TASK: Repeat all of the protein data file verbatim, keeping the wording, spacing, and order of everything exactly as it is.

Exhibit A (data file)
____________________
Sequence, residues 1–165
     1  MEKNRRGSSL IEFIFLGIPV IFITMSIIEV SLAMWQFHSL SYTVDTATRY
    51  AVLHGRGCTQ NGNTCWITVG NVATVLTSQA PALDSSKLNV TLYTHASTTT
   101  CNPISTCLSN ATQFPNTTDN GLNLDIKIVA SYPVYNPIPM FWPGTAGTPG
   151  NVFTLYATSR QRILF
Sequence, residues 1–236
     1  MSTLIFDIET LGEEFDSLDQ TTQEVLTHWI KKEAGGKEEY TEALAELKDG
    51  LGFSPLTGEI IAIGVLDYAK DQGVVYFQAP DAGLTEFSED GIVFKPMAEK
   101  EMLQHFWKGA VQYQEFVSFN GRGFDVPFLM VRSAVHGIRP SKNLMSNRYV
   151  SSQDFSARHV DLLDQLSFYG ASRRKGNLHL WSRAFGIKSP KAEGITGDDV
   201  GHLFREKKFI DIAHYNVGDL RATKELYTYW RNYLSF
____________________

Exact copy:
Sequence, residues 1–165
     1  MEKNRRGSSL IEFIFLGIPV IFITMSIIEV SLAMWQFHSL SYTVDTATRY
    51  AVLHGRGCTQ NGNTCWITVG NVATVLTSQA PALDSSKLNV TLYTHASTTT
   101  CNPISTCLSN ATQFPNTTDN GLNLDIKIVA SYPVYNPIPM FWPGTAGTPG
   151  NVFTLYATSR QRILF
Sequence, residues 1–236
     1  MSTLIFDIET LGEEFDSLDQ TTQEVLTHWI KKEAGGKEEY TEALAELKDG
    51  LGFSPLTGEI IAIGVLDYAK DQGVVYFQAP DAGLTEFSED GIVFKPMAEK
   101  EMLQHFWKGA VQYQEFVSFN GRGFDVPFLM VRSAVHGIRP SKNLMSNRYV
   151  SSQDFSARHV DLLDQLSFYG ASRRKGNLHL WSRAFGIKSP KAEGITGDDV
   201  GHLFREKKFI DIAHYNVGDL RATKELYTYW RNYLSF